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tables for two: ursula

On a trip to New Mexico, some years ago, I got off the plane in Albuquerque, took my first look at the high desert, and declared, wide-eyed and with an uncharacteristic lack of cynicism, “This place is magical.” In the parking lot of Frontier Restaurant, a beloved cafeteria where I did as the locals do and smeared honey on warm flour tortillas, I realized how far from an original thought it was: the official state nickname, immortalized on license plates, is Land of Enchantment. (The unofficial version is Land of Entrapment; once people arrive, they tend not to leave.) In September, Eric See, an Albuquerque native and pastry chef who’s lived on the East Coast for ten years, imported a bit of that ineffable spirit to New York when he opened…

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comment: waiting game

The passage of time, in this pandemic, has been a hard thing to gauge. To take one example, the phase III trials of COVID-19 vaccines, which scientists had warned may not be completed until the end of the year, are coming to blessedly rapid conclusions. Last Wednesday, Pfizer and BioNTech announced that their vaccine appears to be both ninety-five-percent effective and safe, even for older people—a historic victory. Moderna’s version, just a step behind Pfizer’s, appears to be effective, too, and other vaccines will follow. What propelled the trials forward, though, was the acceleration of the pandemic itself. The positive cases in the control groups, which were given placebos, piled up so quickly that it became easier to see that the vaccines were working. Still, the most torturous interval may be…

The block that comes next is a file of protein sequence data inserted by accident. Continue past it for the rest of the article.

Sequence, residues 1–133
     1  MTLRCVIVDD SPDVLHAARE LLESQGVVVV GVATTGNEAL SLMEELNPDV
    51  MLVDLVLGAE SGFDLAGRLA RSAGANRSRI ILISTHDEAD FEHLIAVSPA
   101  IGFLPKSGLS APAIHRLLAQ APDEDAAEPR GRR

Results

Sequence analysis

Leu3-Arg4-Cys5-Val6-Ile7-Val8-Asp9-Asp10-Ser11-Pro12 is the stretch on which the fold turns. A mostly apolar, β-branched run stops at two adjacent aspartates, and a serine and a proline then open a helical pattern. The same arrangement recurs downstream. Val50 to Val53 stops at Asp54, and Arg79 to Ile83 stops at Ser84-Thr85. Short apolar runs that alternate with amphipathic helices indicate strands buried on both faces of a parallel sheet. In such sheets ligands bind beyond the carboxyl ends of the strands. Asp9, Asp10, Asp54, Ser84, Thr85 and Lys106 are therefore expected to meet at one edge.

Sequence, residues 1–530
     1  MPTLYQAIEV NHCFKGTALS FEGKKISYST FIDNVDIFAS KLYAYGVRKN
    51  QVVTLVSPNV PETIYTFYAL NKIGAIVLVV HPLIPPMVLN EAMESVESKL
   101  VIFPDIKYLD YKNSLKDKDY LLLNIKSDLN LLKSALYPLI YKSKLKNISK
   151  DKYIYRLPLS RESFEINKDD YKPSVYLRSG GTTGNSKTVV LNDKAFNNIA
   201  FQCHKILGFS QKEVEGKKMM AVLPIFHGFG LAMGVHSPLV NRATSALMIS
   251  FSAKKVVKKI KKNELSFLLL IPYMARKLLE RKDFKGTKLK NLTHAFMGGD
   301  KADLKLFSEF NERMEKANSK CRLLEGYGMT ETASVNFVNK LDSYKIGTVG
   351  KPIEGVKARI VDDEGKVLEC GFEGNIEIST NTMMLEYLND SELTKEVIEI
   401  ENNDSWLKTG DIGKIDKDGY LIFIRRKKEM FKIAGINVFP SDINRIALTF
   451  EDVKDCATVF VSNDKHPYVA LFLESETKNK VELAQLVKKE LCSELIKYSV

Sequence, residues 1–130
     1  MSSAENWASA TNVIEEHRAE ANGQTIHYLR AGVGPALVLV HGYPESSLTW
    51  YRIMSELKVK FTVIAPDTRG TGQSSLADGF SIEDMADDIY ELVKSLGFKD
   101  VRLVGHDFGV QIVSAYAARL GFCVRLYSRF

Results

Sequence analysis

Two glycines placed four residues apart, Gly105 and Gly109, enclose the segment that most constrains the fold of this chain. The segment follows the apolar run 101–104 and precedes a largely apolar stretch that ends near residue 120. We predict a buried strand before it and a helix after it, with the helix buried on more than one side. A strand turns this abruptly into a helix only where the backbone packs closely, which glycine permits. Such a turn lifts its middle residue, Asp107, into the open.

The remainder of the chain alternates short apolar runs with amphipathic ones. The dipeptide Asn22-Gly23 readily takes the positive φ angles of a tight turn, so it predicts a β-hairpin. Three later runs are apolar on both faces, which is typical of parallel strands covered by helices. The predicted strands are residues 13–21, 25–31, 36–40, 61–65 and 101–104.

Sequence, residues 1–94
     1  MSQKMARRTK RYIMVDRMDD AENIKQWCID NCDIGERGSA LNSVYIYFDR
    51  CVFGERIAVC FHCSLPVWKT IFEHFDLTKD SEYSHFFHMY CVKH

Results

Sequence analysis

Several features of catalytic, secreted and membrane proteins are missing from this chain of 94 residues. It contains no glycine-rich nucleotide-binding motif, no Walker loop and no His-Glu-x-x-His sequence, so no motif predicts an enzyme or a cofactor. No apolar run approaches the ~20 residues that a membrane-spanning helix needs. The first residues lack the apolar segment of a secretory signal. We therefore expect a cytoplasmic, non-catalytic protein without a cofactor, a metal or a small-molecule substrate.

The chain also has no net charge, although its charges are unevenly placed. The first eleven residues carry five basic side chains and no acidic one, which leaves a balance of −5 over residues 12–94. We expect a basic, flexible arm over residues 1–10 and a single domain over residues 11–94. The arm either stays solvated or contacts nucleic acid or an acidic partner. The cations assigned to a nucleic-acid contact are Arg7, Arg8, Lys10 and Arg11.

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georgia postcard: november madness

Recount, audit, formality, scam: opinions varied as Georgia took another look at the five million ballots its citizens cast in the Presidential election. Joe Biden had won by around thirteen thousand votes—the first Democrat to take the state since Bill Clinton. But Georgia Republicans had their doubts, and, in some cases, their delusions. “Notice anything fishy?” Marjorie Taylor Greene, congresswoman-elect and QAnon fan, tweeted, on November 10th, alongside a chart comparing the number of Georgia absentee ballots cast this year (a lot) with that of past election years (not very many). “Wait ’til you hear about the pandemic,” a commenter deadpanned. The counting, which began on a Friday, was a sprawling affair, a television-unfriendly November Madness occurring simultaneously across Georgia’s hundred and fifty-nine counties, from a probate court in Peach County…